Two Things You Can Count On; Beer and Taxes

ryanThe following is a piece from Ryan Heisler, a runner, skier and law student living in Portland, ME. Ryan can be reached via various social networks, including Beer Advocate and Facebook.

One of my favorite Dave Matthews Band songs is titled with a phrase that can be applied to pretty much all aspects of life: “You pay for what you get.” This, of course, applies to craft beer as well. Independence will always come with a price attached, let alone big ABVs and strange combinations.

Beer MoneyHowever, one area that most people fail to understand is where that price on the shelf comes from. The majority of it will come from the individual brewer/wholesaler/retailer relationship. Much like anything else, there will be some mark-up from cost, so that everyone winds up making a semi-decent profit. (Gotta remember, these are difficult economic times; prices can’t be too outlandish.)

So, after that, where does the remainder of cost come from? That beautiful, beautiful thing: the man.

Governmental regulation on industry is nothing new; the Constitution essentially lays the foundation for it. The footing that taxation on products and services stands on is actually laid within the 10th Amendment, reserving powers not delegated in the Constitution to the federal government to the states. This is where the argument for “state’s rights” comes into play, although it’s kind of hard for a state to have a right when a right is a limit on governmental power.

beer-excise-taxesThere are two different types of taxes levied on beer. The first one is a type of excise tax; essentially, a tax to pay for the regulation of industry. This tax, however, is hidden from the consumer. It is typically paid for in the sticker cost of your booze. It is applied by the volume sold. This rate is different in every state, and is usually your explanation for variance in price from state-to-state.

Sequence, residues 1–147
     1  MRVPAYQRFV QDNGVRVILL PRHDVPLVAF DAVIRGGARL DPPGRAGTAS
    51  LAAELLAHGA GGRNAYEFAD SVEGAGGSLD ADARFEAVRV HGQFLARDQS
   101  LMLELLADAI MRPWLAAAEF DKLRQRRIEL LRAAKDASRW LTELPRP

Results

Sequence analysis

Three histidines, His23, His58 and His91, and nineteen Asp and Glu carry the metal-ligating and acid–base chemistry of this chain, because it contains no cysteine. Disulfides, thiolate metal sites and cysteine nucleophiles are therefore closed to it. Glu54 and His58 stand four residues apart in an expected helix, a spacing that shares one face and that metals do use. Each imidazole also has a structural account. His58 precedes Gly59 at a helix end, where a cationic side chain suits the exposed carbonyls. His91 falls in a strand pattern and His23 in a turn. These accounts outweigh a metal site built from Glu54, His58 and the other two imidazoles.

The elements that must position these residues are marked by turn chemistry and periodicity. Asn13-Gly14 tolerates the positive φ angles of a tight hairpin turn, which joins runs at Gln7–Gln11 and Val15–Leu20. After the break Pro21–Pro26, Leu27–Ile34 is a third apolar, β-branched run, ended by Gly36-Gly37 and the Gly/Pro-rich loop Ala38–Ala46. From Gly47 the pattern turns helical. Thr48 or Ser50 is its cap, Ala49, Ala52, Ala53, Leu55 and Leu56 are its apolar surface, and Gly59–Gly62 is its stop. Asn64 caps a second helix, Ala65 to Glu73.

Of course, there is also sales tax to contend with, which means you’re getting hit twice every time you want to get your drink on. Some states hold exceptions for alcohol sold from a retail location (e.g., Massachusetts before August 1st), and will only charge when you’re drinking out at a bar, at which point you’re paying a service tax.

So the next time you reach out for that bomber of Brooklyner-Schneider Hopfen-Weisse (thank you, Josh!)…smile and realize that you’re doing your country proud and paying the man.

[Editor’s note – Interested by this intro to beer taxes?  Check out Beer Therapy’s super-duper in-depth examination of beer taxes in this article about a proposed beer tax increase.  Cheers!]

2 responses to “Two Things You Can Count On; Beer and Taxes

  1. Interesting. I didn’t even realize there was price variance (probably because I do most of my drinking in one state, but still…). I live in Georgia, so according to that tax chart I’m actually getting hit twice ($0.32 excise tax and then $0.53/gal sales tax). Sheesh.

  2. The price variance is pretty incredible – the same six-pack can cost 8 bucks here in Maine, 6 in New Hampshire and about 10 or 11 in Massachusetts.

    At least you have a couple good breweries (Terrapin and Sweetwater, among others) in GA to soften the blow.

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